The SCA’s on-site inspectors, who are supposed to administer and preserve the country’s heritage, are underpaid and unmotivated. Most are young and —for the first few years, at least— enthusiastic about their job. But the low salary and near-universal reluctance of their superiors to delegate authority leads to frustration. A large number leave to become tourist guides. Instead of taking 300 Egyptian pounds a month from the SCA (about $50), they can earn six or seven times that amount as guides.
Let us note that Week's figures suggest that there are some 60 000 people who are employed as guards, to keep looters off the sites. Collectors who say "more should be done" to protect sites from looters have failed to suggest where the finances to employ even 60 000 people at a reasonable salary, let alone the number that would be required to keep an even closer watch. Surely nearly all this money could be saved and directed towards conservation if dealers and collectors would simply stop buying artefacts without any questions establishing they come from legitimate sources, thus reducing dramatically reducing the incentive to loot sites for collectables that will find a buyer even if illicitly obtained.

Looking after archaeological sites costs a lot of money, everywhere. Tourists visiting monuments (though not all sites) generate income but:
the SCA is perennially underfunded, even though archeological tourism generates considerable income. In December 2010 ticket sales to sites in Luxor alone earned $30 million for Egypt. But [since tourism is one of the country's main sources of income] much of this money goes to the government treasury.
As Weeks points out, "almost every branch of government wants some control over that income and wants as much of it as possible for themselves, focusing only on short-term gain". The pressures tourism inflicts on tombs and temples is enormous, yet no long-term comprehensive management plan to protect them has yet been agreed upon. Weeks mentions the redevelopment of Luxor to generate more tourist revenue which I wrote about on this blog last year."The plan is already doing irreparable harm to many of Luxor’s monuments, demolishing historic buildings, paving over archeological sites, moving whole villages and thousands of Egyptians far away from tourist centers and ancient monuments. Many archeologists and tourists, as well as many locals, believe that these acts are turning the largest archeological zone in the world into a gaudy theme park designed only to make money in the short term". Weeks makes some recommendations for the future:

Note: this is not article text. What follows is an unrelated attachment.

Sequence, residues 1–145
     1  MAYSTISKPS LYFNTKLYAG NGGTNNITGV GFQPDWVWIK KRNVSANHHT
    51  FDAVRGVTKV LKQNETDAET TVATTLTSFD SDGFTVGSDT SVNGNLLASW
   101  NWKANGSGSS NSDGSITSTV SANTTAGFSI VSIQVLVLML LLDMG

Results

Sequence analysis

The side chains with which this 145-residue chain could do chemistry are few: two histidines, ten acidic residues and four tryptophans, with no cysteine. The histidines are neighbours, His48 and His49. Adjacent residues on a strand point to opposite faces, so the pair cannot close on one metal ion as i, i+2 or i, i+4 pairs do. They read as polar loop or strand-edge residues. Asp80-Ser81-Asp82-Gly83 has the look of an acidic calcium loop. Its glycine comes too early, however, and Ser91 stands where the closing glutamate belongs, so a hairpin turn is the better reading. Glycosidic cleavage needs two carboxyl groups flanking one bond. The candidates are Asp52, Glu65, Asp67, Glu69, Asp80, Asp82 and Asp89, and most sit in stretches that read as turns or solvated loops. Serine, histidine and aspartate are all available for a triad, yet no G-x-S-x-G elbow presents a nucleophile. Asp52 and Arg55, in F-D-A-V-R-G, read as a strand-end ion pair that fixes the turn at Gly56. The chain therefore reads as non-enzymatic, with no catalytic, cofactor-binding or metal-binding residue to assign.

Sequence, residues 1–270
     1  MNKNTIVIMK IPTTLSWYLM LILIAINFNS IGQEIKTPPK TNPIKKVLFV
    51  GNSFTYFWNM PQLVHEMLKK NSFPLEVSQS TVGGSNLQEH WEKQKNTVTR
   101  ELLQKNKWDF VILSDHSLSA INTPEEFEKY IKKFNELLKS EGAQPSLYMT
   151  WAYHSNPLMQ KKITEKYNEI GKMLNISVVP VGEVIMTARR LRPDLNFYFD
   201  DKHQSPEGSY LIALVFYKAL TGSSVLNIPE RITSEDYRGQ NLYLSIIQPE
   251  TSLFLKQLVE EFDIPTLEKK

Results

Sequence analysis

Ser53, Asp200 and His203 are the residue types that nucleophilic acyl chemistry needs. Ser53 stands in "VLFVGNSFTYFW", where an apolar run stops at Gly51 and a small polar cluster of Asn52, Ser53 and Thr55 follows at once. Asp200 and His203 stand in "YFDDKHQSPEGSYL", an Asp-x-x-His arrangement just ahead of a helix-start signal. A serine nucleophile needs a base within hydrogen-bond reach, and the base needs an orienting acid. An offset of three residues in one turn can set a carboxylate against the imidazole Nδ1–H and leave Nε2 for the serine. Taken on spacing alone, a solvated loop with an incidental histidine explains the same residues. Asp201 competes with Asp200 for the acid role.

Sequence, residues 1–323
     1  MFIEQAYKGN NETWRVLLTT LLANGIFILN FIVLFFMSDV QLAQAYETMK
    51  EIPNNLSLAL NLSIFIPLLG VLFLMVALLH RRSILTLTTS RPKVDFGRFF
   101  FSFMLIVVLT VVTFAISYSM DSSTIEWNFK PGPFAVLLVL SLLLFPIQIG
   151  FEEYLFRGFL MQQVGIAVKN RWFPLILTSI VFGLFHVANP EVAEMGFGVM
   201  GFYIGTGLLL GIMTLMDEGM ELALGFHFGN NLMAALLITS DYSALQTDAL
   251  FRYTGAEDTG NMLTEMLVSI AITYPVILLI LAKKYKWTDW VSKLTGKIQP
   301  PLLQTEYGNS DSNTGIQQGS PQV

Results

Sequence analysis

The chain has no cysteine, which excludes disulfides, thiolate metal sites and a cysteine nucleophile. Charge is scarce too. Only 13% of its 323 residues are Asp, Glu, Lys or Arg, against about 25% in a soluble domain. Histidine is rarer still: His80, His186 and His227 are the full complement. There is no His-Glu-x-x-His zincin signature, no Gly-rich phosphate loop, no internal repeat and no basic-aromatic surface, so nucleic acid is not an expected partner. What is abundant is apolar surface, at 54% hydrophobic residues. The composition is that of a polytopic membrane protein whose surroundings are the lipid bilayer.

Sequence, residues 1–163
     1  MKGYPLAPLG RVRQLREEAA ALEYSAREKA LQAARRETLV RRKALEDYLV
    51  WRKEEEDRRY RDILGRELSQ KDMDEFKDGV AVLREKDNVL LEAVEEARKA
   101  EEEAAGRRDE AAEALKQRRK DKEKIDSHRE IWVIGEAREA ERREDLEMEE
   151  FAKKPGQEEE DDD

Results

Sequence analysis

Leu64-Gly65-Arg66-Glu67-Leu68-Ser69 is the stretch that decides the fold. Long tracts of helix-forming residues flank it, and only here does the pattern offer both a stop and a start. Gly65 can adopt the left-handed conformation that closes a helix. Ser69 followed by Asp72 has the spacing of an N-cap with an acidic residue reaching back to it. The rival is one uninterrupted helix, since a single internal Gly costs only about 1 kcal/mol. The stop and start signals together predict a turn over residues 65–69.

What should be done to protect Egypt’s monuments? Here’s a list on which most Egyptologists agree:

Consult with local and international agencies and specialists to develop and implement long-term management plans.
Train on-site inspectors and give them greater responsibility.
Design better security for sites and museums.
Allocate more money for site conservation and documentation.
Take a strong stand against commercial and political interests that threaten the monuments.

Egypt’s archeological patrimony is humankind’s as well, and requires urgent efforts if it is to be saved for future generations. Egypt’s revolution, and the energy of the youth that drove it, captured the world’s imagination and gave renewed hope for the country’s future. It would be a tragedy if this were not also translated into a renewed commitment to its past
Let us hope the new government that will eventually be created in place of military law will set about creating conditions for this to be put into action. We can help, by creating conditions in which the trade in illicit artefacts from the looting of sites and museum storerooms and galleries cannot function. That seems the least we can do to help the Egyptians protect the archaeological heritage of that part of the planet's surface.